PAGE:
gnome said...

@ Jonathon: Discworld Noir is simply fantastic. Easily the best Discworld adventure to date.

CaptainD said...

Gnome - I have to say that it's many years since I played Op Stealth, and I have to admit that I wasn't particularly good at it, but it made a lasting impression on me!

Igor - That probably explains why it took me so long to complete Zak! I guess I just loved the humour and that overcame all the mazes and things that I didn't like much. I also liked the way that unlike many adventure games, in Zak there were often two different solutions to problems. As above with Op Stealth... maybe nostalgia is playing its part. It probably wouldn't have made my top ten if I hadn't also been avoiding Gnome's choices - Grim Fandango, Day of the Tentacle and Secret of Monkey Island for instance are all adventure games that I like more than Op Stealth. I've always liked LucasArts adventure games more than Sierra's though, which probably accounts for a lot of it.

Jon - ah, good to see someone else appreciated The Dig - you very rarely see it mentioned on top ten lists but I really enjoyed it. I think you'll like Discworld Noir... in fact I'm tempted to get hold of it again!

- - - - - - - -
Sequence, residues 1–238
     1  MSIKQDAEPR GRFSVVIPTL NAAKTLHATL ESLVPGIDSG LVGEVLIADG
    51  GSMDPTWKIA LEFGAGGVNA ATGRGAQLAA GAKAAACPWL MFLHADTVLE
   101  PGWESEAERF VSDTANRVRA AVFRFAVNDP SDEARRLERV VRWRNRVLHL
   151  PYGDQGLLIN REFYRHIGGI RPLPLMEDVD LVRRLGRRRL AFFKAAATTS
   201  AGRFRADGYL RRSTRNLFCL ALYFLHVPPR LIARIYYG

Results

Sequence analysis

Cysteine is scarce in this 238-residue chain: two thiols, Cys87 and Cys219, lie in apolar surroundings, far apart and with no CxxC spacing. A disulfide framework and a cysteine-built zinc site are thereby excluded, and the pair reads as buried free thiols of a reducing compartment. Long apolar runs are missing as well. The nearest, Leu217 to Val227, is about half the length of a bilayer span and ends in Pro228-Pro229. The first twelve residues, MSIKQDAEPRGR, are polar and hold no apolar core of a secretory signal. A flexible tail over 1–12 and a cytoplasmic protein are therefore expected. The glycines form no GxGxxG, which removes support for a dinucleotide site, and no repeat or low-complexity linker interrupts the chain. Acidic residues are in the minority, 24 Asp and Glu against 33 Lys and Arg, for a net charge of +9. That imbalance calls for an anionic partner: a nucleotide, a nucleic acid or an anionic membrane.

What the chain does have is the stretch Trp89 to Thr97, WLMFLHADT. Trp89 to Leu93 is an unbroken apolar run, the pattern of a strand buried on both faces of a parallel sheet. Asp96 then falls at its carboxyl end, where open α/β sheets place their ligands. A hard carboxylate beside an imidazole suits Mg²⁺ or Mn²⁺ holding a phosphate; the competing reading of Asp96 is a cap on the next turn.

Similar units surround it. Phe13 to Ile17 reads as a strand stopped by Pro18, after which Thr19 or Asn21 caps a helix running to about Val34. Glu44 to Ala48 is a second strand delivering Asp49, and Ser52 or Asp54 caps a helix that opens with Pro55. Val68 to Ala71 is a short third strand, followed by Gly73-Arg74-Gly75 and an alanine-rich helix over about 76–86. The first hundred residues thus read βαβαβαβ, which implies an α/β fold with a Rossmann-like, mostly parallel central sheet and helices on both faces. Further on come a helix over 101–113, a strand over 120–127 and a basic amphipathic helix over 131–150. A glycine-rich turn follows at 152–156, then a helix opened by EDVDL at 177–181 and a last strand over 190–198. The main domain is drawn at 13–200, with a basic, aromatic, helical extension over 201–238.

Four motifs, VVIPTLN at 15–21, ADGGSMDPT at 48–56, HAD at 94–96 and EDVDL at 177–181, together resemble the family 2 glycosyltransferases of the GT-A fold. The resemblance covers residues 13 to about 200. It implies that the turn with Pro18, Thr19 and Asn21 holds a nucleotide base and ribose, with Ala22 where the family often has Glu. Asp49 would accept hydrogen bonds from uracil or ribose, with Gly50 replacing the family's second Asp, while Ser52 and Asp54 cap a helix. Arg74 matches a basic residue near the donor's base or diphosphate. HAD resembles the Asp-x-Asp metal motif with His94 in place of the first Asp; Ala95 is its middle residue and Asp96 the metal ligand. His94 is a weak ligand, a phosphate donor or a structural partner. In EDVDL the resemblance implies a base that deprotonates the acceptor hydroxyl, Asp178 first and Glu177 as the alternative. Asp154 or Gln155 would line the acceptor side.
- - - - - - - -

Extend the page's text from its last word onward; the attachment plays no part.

Igor Hardy said...

Well, I tried to play those 3 games not that long ago - my experience might have been different 10 years earlier as I don't have the patience I had once. Still, I much prefer the classic text adventures or graphic ones with a parser - I'm somehow more tolerant to design flaws in old games when I at least have a parser to have fun with.

Admittedly, dead ends while annoying present some interesting design opportunities too.

CaptainD said...

I was playing Ghost Pirates recently and wondering how many bits that annoyed me about it (though it's good fun overall) were common features in games I've mentioned here as classics. Perception does change over time - both your own expectations and the game market in general.

It might also have to do with WHEN you got into adventure games - for me it was the 16-bits and the LucasFilm Games releases, the Sierra games largely passed me by and I've never really been able to get into text adventures.

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Miss Jones said...

I could not agree more on you list.
But what about the myst series?

http://game-passion.blogspot.com

CaptainD said...

I've gotta be honest, I never got on with the Myst games myself!

Jonathon Wisnoski said...

I never really got on too well with Myst myself, having missed 2 and 3 (considered the best of the series I believe).

But realMyst did make it into my top ten adventure games (http://www.pcgamereviewsandnews.com/2010/11/jonathon-wisnoskis-top-ten-adventure.html).